As a child, Sopon Ayi sometimes went hungry when his father squandered the family’s money to feed his opium addiction. Sopon, now 29, is convinced he wouldn’t have gone to school, his father would still be miserable, and their village would be unsafe if they hadn’t given up the drug.
“Doi Tung had a lot of opium in the past,” Sopon said, referring to the village. “Almost everybody in my father’s generation was addicted to opium.”
Sopon, a coffee farmer, lives where Thailand meets Myanmar and Laos, an intersection that was the erstwhile capital of the global opium trade. The Thai royal family touts this region as a poster child for drug eradication, once at the heart of the notorious Golden Triangle but now, at least on the Thai side of the border, mostly opium-free.
The royal Doi Tung Development Project, which helped Thais like Sopon find jobs outside the poppy business, seems to have stood the test of time. What started off as a charity now turns a profit by selling coffee, pottery, clothes, and paper. The question is how much of this model can be replicated in today’s opium hotspots.
Myanmar remains the world’s No. 2 opium supplier, after Afghanistan.
In a report published Tuesday, the U.N. Office on Drugs and Crime (UNODC) said the amount of land used to grow poppies in Myanmar increased annually since 2006, but has been unchanged since 2013. Both Myanmar and Afghanistan are testing out the solutions that worked for Thailand, especially finding jobs instead of opium farming.
The Doi Tung project began in the late 1980s under the tutelage of Somdet Phra Srinagarindra Boromarajajonani, known as Thailand’s Princess Mother. Standing among the reforested hills of Chiang Rai, Dollaporn Rujiravong described how the Doi Tung project worked with locals to determine what skills they had.
“When the Princess Mother first came to this area, there were lots of problems, like people growing opium, there were drug traffickers, they did slash and burn,” said Dollaporn, senior communications manager at the Mae Fah Luang Foundation under Royal Patronage, which oversees the project. “But the Princess Mother didn’t see them as criminals. She thought, no one wants to be bad, they just don’t have the opportunity to be good.”
The foundation set up a drug rehabilitation center, as well as created jobs that ranged from growing coffee to weaving purses. The Doi Tung project’s deputy chief executive ML Dispanadda Diskul admitted the royal endorsement helped to diminish opium’s pervasiveness and lure locals away from the trade. But his group also had to earn Thais’ trust and ensure there was work to replace opium production, he said.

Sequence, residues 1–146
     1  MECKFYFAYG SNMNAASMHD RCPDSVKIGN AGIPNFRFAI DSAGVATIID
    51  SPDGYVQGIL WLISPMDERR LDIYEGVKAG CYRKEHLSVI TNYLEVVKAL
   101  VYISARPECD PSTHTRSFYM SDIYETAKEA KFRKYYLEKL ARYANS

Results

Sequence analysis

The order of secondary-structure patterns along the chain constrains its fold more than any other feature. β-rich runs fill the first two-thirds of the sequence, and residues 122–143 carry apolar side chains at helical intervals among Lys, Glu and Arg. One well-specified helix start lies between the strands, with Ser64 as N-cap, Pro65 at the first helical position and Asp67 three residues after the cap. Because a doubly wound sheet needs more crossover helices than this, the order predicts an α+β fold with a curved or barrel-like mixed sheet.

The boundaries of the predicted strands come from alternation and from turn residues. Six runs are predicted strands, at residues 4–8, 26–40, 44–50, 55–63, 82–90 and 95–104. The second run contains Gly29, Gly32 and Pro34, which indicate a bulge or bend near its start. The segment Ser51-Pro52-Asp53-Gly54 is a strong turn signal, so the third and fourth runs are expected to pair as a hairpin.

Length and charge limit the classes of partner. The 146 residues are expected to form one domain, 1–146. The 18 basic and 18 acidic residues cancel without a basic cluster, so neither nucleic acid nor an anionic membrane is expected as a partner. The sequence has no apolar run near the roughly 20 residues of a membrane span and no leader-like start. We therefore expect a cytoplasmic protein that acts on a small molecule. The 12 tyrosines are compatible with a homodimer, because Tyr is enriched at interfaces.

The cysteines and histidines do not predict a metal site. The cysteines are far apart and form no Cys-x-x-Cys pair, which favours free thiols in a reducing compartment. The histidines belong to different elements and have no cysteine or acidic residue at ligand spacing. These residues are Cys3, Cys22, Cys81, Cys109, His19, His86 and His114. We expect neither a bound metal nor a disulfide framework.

“At the end of the day, if the royal family or anyone can’t provide meaningful jobs, long-term alternatives, improved livelihoods, then it [means] nothing, right?” said Dispanadda, who is a member of the royal family. He estimates Doi Tung earns $15 million annually, of which 3-8 percent is profit.
Jeremy Douglas, UNODC representative for Southeast Asia and the Pacific, agrees that stamping out opium creates a vacuum unless a new income source replaces it. His office and other groups promote such alternative sources as planting cotton and indigo in Afghanistan, or tending goats and selling peanuts in Myanmar.
Of course these other countries, as well as Laos, don’t have the public relations power of a royal foundation. They also lack rule of law. While Thailand’s separatist groups are mostly in the south and away from the narcotics epicenter, Myanmar’s poppy fields overlap with the territory of armed rebels. Douglas said the UNODC successfully signed cease-fires with those militias to conduct its development projects, but the Taliban is another story.
“Afghanistan is extremely different and very challenging for different reasons,” he said. “It’s not a market access issue there, but security is severely compromised.”
Even with opium mostly out of the picture, Thailand is still addicted to drugs. Douglas said it has one of the biggest markets for methamphetamine in the world, at least one billion pills a year but likely much more. Thailand’s Office of the Narcotics Control Board reflects the fact that the drug problem hasn’t disappeared.
“Other drugs such as morphine and heroin rapidly took place of opium,” the board’s website says, “especially heroin which was easy to consume and easy to avoid detection and suppression.”